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Pak’nSave mince pack causes controversy

Pak'nSaVE news

A reddit user purchased three packs of mince from the supermarket giant, and claimed they were each short 60g.

User handofthesly explained:

‘I purchased three packs of mince and all 3 were 60g underweight, shorting me 180g of product. I thought it might be my s***** scales but the two chicken packs weighed correct and an unopened 1kg block of cheese tested just overweight. The loose tomatoes I bought also weighed the same on the receipt as the scale at the till.

‘Is this common? I don’t normally weigh them but this time I was wanting to break them up into quite a few portions and found the last portions would end up quite a bit smaller. I have emailed the specific store in case they need to recalibrate one of their butcher scales or something. Hope it’s just an accident and not intentional.’

Plenty of people responded giving their opinion, including one who appeared to have experience in butchery packaging.

‘In the butchery the meat is portioned out into the trays and then the trays go through a machine that weighs, wraps and stickers them. Before you do this you need to enter in the product and the packaging used. This allows the machine to subtract the tray weight correctly. Obviously someone selected the wrong setting.’

Some questioned if the weight value also included the packaging, but that notion was dismissed as the package stated ‘Net Weight’, meaning the weight of the meat net of all packaging.

The label, showing it was purchased from the Silverdale branch, displayed a net weight of 0.958kg, but when weighed without packaging on a kitchen scale the final figure came to 0.898, with the general consensus being handofthesly had been ‘shorted’.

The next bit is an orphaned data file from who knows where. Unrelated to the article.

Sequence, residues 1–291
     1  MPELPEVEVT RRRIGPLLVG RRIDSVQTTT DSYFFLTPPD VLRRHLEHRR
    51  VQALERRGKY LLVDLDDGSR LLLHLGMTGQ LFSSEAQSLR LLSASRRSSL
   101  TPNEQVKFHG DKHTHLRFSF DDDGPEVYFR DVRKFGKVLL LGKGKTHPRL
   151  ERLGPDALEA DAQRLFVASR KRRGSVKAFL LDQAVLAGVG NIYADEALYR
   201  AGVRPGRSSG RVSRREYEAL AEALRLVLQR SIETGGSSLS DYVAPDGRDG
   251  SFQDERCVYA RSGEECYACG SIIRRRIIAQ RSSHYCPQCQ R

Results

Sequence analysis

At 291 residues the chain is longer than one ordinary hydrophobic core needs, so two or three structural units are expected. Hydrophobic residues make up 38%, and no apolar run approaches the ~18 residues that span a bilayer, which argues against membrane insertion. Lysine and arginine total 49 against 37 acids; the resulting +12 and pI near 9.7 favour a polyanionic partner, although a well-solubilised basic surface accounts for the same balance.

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  1. Illegal shrinkflation.
    Supermarkets use psychology as a tool to fool consumers. All adverts on TV are exaggerated and can be called fake and yet MSM manufactured consent to accept them. The definition of false and misleading advertisement is very narrow and benefits the supermarkets in general. The tricks to fool not only includes advertisement but also changing product amount from time to time; packaging that makes the package bigger, end-digit psychology of 0.99 and 0.95 like, multiple branding of the same product, very small consumer packages but pricing it as $2, differential pricing based on amount and some time larger amount costing more, adverised sale not in stock, loyalty cards with miniscule gain etc.

    When the commerce commission is full of system pigs who work for their own benefit and duopolies, consumers are duped. One of the big spenders on MSM and Big Tech are the supermarkets and hardware stores.

  2. During the silly season, Countdown had Nestle’s Black Magic chocolate for $8 ‘on sale’ last week. No prob..
    Then, this week the price went back up to $12…regular and pricey for only one layer in de’ box, mon!!!
    Then yesterday Countdown had bright pink signs under the Black Magic for…$12, trying to make it look as though it was on special or on sale…!
    This is what these people are doing during the silly season!
    And still no Corinthian sticks…
    Price comparison: everything is inflated by 23% from last year on the average, and the government hasn’t even attempted to place a price freeze or a price cap on anything!!!
    But, that’s what the Bald-Headed one has been instructed to do by his Zionist Global Masters. After all, where he used to work, Unilever is owned by J3w$…so we may all end – up like the Palestinians.
    It’s already started over the Treaty of Waitangi…


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